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The Best Test for Arterial Disease

by Dr. Cate Shanahan
Home/Blog/Protect Your Mental Wellbeing During the COVID-19 Pandemic

Optimizing cardiovascaular health has been a controversial topic over the years. We hear lots about fats, cholesterol, what’s good, what’s bad. There are constantly new studies, and all that information can be confusing if we don’t know how to sift through it.

Let’s clear some things up. In my years of research, I’ve discovered that the factor that most directly impacts your arterial health is the process of circulating dietary fat and cholesterol through the arteries. Fat and cholesterol travel in your arteries in little blobs called lipoproteins, which have lipid (fat and cholesterol) in the center and protein coating the outside holding the lipid inside—sort of like a candy coating on an M&M.

Know Your Lipoproteins

There are two types of lipoproteins: Low Density Lipoprotein (LDL) and for High Density Lipoprotein (HDL). LDL is the so-called “bad” cholesterol, HDL is the so-called “good” cholesterol. In reality, these particles are not inherently “bad” or “good”, and calling them by these names has confused a lot of people.

Think of each lipoprotein particle as a delivery truck and the fat and lipid as the cargo.Those trucks need to deliver the cargo into your body tissues. That’s the destination—your brain, your muscles, your heart, your adipose, etc. If these cargo trucks are fully functional, that’s exactly what they’ll do. However, If the cargo trucks aren’t working properly, then some (or all) of the lipid they’re transporting doesn’t reach its destination.

What happens instead? Floating around aimlessly in your arteries, the damaged little trucks eventually crash. Instead of delivering fat to hungry tissues, or tucking it neatly into storage in fat deposits, the lipid instead ends up smashing into the inside lining of your arteries where it can accumulate to the point that it damages the artery and causes a heart attack or a stroke. The more of these small, faulty particles you have, the more urgently you need to identify the factor that is damaging the lipoprotein particles trying to deliver fats to your tissues.

Keep in mind that whether your LDL value is high or low, if your particles (trucks) are dysfunctional, this is something you want to change.

If your LDL number is high, say 160, that may or may not be a problem. Likewise, if your LDL is low, say 70, that may or may not indicate you’re in good shape. What matters more is their size, because that’s the best proxy we have to assess how well they function. Bigger lipoproteins = healthier lipoproteins.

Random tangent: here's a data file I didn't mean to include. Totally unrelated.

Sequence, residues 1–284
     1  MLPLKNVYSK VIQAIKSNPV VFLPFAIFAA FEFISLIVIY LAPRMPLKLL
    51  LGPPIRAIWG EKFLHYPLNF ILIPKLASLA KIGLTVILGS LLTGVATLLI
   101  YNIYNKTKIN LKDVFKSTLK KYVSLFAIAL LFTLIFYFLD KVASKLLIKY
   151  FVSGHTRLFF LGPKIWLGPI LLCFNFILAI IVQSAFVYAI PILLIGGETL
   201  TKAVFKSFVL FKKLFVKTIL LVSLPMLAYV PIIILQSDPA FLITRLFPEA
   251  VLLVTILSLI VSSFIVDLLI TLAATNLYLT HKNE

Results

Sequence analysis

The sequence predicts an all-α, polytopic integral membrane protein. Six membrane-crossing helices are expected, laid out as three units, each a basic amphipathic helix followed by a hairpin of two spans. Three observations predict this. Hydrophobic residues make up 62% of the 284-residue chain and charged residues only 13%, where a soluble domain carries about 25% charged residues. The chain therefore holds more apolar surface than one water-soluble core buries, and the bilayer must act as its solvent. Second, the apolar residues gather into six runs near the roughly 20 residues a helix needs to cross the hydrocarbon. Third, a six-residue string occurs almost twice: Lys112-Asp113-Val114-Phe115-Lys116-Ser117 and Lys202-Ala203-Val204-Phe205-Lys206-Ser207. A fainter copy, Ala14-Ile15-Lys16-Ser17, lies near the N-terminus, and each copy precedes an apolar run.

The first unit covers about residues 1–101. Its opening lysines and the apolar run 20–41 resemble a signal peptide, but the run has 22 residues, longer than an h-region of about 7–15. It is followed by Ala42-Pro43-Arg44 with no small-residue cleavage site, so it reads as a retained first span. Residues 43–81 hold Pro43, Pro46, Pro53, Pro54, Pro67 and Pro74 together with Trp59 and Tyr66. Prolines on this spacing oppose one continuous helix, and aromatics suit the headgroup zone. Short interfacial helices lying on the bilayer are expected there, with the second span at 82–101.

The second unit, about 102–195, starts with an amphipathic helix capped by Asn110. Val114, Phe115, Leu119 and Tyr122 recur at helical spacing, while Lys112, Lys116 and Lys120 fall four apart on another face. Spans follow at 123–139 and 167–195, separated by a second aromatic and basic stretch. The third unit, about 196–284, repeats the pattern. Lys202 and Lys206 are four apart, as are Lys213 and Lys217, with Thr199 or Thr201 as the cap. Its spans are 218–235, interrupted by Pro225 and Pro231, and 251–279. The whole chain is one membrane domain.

What Foods Can Damage Your Lipoprotein Particles? 

The food you eat directly impacts the size of your lipoproteins.

If the foods you eat are full of polyunsaturated fatty acids (PUFAs) and do not contain antioxidants, then that’s a problem. Polyunsaturated fats are extremely susceptible to oxidation, which distorts them and makes them impossible for your body to process. Trans fat is one example of a distorted fat, and its so bad for us it’s been outlawed in several cities. But all PUFAs can distort during cooking or storage, even beneficial omega-3 fats like those in fish oils. One recent study concluded consuming these supplements exposes us to unacceptable levels of oxidized oil.

Because of what I know about lipid oxidation, whenever I find that a patient has small LDL particles, I take a complete diet history. And I start by assessing intake of these most commonly oxidized oils:

If you’re eating at restaurants (even high-end ones) or consuming store-bought salad dressings, condiments, dips, chips, granola, and other snack foods, even if they’re organic, you’re probably getting between 15-30% of your daily calories from these oils (or other less common, i.e. grape seed and rice bran oils) which are contaminated with toxic pro-inflammatory compounds in a concentration that ranges between 2-25%. Even if your Paleo plan is dialed in, there’s still a good chance you’re being exposed to these toxic oils if you’re not careful.

These pro-inlammatory fats act like tiny little explosives. They directly degrade you lipoprotein fat-delivery trucks to the point that they’re unable to function. Damaged lipoproteins lead to damaged arterial walls, leading to cardiovascular disease.

Bottom line, it’s not the kind of trucks carrying cargo around (LDL versus HDL, etc) it’s the kind of cargo they’re carrying. If the cargo is explosive, the trucks can’t drive to their destination and will end up overturned, spilling their contents inside your arteries.